The structure of Linux - Introduction to Linux for bioinformatics

2,137 views

Published on

This 3th slide deck of the training 'Introduction to linux for bioinformatics' gives a broad overview of the file system structure of linux. We very gently introducte the command line in this presentation.

Published in: Technology
0 Comments
13 Likes
Statistics
Notes
  • Be the first to comment

No Downloads
Views
Total views
2,137
On SlideShare
0
From Embeds
0
Number of Embeds
4
Actions
Shares
0
Downloads
216
Comments
0
Likes
13
Embeds 0
No embeds

No notes for slide

The structure of Linux - Introduction to Linux for bioinformatics

  1. 1. The structure of Linux Joachim Jacob 8 and 15 November 2013
  2. 2. Meet your Linux system We'll see how a Linux system is organised – into folders – into files – into partitions
  3. 3. Meet your Linux system Follow a along: open on the desktop. ('Computer' is specific for Linux Mint, won't find it on other Linuxes) Read the contents of a CD/DVD Read the hard disk
  4. 4. The root directory The disk on your computer, which runs Linux is called / or also referred to as the root directory. It is the start of the file system. Enter the folder home.
  5. 5. The home folder One of the folders under root is called home. Starting from the root directory, the path to home is /home. /home contains one or more folders: one for every user on the system. Double-click on your home folder.
  6. 6. Permissions in your home The complete path to your home folder is ….................. Linux is very secure. Only in your home folder you can create files and folders, usually not anywhere else.
  7. 7. Create the folder bin in your home Use the mouse (right-click), or press ctrl+shift+n, or, go via the File menu. Later, we will put scripts in this folder. Create this folder
  8. 8. Visualize the tree structure Go back to the root directory. Change the view to 'List'.
  9. 9. Visualize the tree structure Clicking on the '+' expands the contents of that folder. Below is the path visualized: /home/joachim/Downloads/clustalw_2.1+lgpl-2_amd64.deb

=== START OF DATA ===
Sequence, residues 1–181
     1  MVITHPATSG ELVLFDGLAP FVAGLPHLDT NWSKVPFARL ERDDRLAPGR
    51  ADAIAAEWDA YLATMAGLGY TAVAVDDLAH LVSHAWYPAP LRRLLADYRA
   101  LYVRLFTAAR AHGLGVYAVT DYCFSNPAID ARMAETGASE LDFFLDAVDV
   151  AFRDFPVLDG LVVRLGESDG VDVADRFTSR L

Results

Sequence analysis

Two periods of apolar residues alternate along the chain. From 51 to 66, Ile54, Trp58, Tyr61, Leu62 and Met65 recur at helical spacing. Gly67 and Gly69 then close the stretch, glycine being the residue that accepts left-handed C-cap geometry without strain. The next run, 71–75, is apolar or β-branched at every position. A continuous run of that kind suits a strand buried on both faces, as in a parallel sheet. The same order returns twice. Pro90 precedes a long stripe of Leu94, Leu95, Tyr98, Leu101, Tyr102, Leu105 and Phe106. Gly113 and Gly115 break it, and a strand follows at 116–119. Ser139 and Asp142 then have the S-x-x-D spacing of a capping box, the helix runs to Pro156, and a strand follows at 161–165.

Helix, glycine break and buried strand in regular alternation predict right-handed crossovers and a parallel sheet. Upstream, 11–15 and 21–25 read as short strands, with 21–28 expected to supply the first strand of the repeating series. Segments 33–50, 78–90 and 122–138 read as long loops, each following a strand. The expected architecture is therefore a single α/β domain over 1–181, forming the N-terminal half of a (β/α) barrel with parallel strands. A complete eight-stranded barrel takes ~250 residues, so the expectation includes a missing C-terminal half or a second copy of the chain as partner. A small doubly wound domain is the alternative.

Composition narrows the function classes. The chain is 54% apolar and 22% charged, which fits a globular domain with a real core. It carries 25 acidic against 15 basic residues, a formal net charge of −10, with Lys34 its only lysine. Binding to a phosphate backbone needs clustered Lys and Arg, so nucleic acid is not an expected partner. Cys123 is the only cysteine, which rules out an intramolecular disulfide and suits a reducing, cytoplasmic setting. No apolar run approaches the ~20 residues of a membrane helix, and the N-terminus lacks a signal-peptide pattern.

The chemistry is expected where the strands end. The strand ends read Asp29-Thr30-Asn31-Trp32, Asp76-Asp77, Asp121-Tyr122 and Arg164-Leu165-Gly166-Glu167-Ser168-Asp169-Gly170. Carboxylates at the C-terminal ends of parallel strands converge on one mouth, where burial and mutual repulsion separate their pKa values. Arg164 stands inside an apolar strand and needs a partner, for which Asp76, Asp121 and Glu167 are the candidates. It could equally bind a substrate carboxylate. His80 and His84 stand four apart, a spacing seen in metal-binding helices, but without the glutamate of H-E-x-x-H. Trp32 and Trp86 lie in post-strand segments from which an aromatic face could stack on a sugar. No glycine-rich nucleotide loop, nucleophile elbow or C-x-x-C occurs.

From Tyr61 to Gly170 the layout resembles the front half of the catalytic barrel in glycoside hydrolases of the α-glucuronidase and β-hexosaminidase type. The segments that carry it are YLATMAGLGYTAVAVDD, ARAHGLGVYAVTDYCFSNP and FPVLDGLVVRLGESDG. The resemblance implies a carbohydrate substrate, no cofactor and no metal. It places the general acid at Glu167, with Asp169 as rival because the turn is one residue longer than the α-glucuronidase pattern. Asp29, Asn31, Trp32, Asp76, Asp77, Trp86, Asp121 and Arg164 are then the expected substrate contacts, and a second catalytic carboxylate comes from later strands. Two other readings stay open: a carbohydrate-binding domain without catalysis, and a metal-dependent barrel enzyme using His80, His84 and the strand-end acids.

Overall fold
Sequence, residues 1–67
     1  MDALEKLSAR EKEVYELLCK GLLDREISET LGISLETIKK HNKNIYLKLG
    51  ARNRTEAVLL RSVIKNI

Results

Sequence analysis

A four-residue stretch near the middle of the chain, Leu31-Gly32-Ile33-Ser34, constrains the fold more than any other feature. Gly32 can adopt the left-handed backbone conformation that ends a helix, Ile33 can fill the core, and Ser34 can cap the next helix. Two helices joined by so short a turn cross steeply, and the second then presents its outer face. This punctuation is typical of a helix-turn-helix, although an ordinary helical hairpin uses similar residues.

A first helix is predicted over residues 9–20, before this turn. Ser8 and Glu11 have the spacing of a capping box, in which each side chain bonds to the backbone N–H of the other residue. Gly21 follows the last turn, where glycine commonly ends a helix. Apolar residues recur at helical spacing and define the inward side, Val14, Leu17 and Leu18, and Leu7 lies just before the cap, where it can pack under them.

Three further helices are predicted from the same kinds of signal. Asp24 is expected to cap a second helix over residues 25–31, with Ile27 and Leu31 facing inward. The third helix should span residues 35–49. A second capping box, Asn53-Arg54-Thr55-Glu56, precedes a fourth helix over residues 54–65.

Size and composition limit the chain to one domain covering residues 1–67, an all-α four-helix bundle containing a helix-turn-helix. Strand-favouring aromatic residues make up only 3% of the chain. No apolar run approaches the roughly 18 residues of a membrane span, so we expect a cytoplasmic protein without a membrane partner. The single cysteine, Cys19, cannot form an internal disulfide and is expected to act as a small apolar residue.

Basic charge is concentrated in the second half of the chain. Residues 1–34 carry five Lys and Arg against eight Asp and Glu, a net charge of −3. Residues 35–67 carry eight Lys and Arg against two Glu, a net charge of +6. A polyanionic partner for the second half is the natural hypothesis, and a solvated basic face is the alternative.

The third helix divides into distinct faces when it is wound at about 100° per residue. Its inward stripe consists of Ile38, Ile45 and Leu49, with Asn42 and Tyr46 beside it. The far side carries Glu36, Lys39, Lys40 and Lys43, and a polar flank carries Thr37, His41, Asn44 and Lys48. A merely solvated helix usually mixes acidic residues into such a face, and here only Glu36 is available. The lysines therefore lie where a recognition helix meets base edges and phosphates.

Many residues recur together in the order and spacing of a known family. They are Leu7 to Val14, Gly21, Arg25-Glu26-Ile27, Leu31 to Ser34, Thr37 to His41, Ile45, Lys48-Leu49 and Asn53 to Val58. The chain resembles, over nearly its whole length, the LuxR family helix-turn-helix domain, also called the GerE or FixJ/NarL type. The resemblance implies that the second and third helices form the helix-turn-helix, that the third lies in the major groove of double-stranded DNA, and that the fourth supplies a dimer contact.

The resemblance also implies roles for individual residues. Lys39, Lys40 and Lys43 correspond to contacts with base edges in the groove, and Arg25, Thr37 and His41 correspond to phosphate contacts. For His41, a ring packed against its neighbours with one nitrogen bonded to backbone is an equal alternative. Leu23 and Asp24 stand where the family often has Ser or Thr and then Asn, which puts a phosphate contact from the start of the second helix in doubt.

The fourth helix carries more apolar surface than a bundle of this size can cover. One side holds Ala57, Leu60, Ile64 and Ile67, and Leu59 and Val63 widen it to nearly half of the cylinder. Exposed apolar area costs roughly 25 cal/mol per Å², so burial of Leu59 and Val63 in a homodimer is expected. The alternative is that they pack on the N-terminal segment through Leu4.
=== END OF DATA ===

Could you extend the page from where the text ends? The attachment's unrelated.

10. 10. The program files Contain 'program' files
  11. 11. Disk and shares information
  12. 12. The administrator's home
  13. 13. Configuration files
  14. 14. Quickly changing content
  15. 15. Everything is a file in Linux /dev/sda /proc/meminfo /dev/mouse1 /dev/input1 “Everything is a file in linux”: devices, and their statuses are accessible by reading the contents of the paths to the respective files. Note: only text files can be displayed in human readable format in text editors. http://tldp.org/LDP/intro-linux/html/sect_03_01.html http://en.wikipedia.org/wiki/Everything_is_a_file
  16. 16. Configurations are in plain text files The text file /etc/passwd contains info about the users on your system
  17. 17. Natural fit of bioinformatics and Linux Because of this amount of text, Linux comes with a lot of command line tools to manipulate / search / analyse text files. Similarity with Bioinformatics, which stores data also pre-dominantly in large text files.
  18. 18. Using the terminal as a solution Before the rise of the nice desktops, users had only this: Press ctrl + alt + F1 This means – users needed to navigate around on their computers, read files, create files, print, run programs, play games,... all from the command line. And yes, this is possible.
  19. 19. Using the terminal as a solution Before the rise of the nice desktops, users had only this: Press ctrl + alt + F1 (Lesson one in using Linux. Tux is friendly, but strict.) Press ctrl + alt + F7
  20. 20. Access to a terminal ● Open a terminal program using the menu: Connect to a terminal over the internet, e.g. using Putty installed on a Windows machine. ● http://www.putty.org/
  21. 21. Your first steps in a terminal We end up with this: A terminal accepts only input from the keyboard, the command line. You can only type. What you type gets interpreted by the program Bash, which will then do what you ask. http://en.wikipedia.org/wiki/Bash_%28Unix_shell%29
  22. 22. Few important things A command line is always positioned somewhere in the file system. ● What you type is case-sensitive ● The prompt line can be customized, but by default it shows: ● Username ● @ ● Machinename ● Current location ('working directory'), ●
  23. 23. Check where your shell is positioned ... After typing your command, press <enter> to execute a command. pwd = print working directory
  24. 24. Navigating in the file system The result is that the prompt has changed position from: ls = list contents of current directory cd = change to this directory The word after 'cd' matches a directory. We tell 'cd' to go to this directory. This Additional word is called an argument. What will happen if we type 'ls' now?
  25. 25. Navigating in the file system The result is that the prompt has changed position from:
  26. 26. Running a command on a file In a working directory, we can provide a file name as an argument to a command. In the Downloads directory, we can for example check a file type with the command file. Argument points to a file file = shows the file type of the file passed as argument
  27. 27. You never walk alone A Linux system comes with batteries included: only they are called man-pages (manual). The program man displays the manual for the program provided as argument. For example: the manual of ls. http://www.thegeekstuff.com/2013/09/man-command/